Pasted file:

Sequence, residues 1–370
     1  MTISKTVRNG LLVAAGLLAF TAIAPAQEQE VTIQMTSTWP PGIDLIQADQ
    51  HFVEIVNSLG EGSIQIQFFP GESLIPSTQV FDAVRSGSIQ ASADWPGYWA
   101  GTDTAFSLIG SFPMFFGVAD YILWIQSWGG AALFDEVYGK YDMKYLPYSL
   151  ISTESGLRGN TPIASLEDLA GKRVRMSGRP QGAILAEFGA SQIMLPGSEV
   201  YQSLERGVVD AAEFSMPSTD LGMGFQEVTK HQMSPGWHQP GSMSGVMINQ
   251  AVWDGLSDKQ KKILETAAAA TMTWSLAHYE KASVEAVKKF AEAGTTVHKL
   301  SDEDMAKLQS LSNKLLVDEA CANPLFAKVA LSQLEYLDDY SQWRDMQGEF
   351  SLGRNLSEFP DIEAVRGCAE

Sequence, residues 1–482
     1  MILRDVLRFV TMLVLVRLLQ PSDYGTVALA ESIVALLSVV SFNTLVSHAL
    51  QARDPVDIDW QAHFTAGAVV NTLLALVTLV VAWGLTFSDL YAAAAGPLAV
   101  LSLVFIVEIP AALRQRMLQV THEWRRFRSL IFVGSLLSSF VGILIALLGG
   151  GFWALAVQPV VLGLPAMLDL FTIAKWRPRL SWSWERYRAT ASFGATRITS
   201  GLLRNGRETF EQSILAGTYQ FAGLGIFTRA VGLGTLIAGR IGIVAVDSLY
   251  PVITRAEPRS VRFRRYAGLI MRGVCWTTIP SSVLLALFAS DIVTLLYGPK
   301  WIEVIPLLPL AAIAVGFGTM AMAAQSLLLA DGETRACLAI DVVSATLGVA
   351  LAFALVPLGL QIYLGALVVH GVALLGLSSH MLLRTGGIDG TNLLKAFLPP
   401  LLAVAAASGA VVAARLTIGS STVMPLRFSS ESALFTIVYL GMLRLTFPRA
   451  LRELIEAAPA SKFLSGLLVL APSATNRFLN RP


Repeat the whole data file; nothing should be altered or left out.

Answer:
Sequence, residues 1–370
     1  MTISKTVRNG LLVAAGLLAF TAIAPAQEQE VTIQMTSTWP PGIDLIQADQ
    51  HFVEIVNSLG EGSIQIQFFP GESLIPSTQV FDAVRSGSIQ ASADWPGYWA
   101  GTDTAFSLIG SFPMFFGVAD YILWIQSWGG AALFDEVYGK YDMKYLPYSL
   151  ISTESGLRGN TPIASLEDLA GKRVRMSGRP QGAILAEFGA SQIMLPGSEV
   201  YQSLERGVVD AAEFSMPSTD LGMGFQEVTK HQMSPGWHQP GSMSGVMINQ
   251  AVWDGLSDKQ KKILETAAAA TMTWSLAHYE KASVEAVKKF AEAGTTVHKL
   301  SDEDMAKLQS LSNKLLVDEA CANPLFAKVA LSQLEYLDDY SQWRDMQGEF
   351  SLGRNLSEFP DIEAVRGCAE

Sequence, residues 1–482
     1  MILRDVLRFV TMLVLVRLLQ PSDYGTVALA ESIVALLSVV SFNTLVSHAL
    51  QARDPVDIDW QAHFTAGAVV NTLLALVTLV VAWGLTFSDL YAAAAGPLAV
   101  LSLVFIVEIP AALRQRMLQV THEWRRFRSL IFVGSLLSSF VGILIALLGG
   151  GFWALAVQPV VLGLPAMLDL FTIAKWRPRL SWSWERYRAT ASFGATRITS
   201  GLLRNGRETF EQSILAGTYQ FAGLGIFTRA VGLGTLIAGR IGIVAVDSLY
   251  PVITRAEPRS VRFRRYAGLI MRGVCWTTIP SSVLLALFAS DIVTLLYGPK
   301  WIEVIPLLPL AAIAVGFGTM AMAAQSLLLA DGETRACLAI DVVSATLGVA
   351  LAFALVPLGL QIYLGALVVH GVALLGLSSH MLLRTGGIDG TNLLKAFLPP
   401  LLAVAAASGA VVAARLTIGS STVMPLRFSS ESALFTIVYL GMLRLTFPRA
   451  LRELIEAAPA SKFLSGLLVL APSATNRFLN RP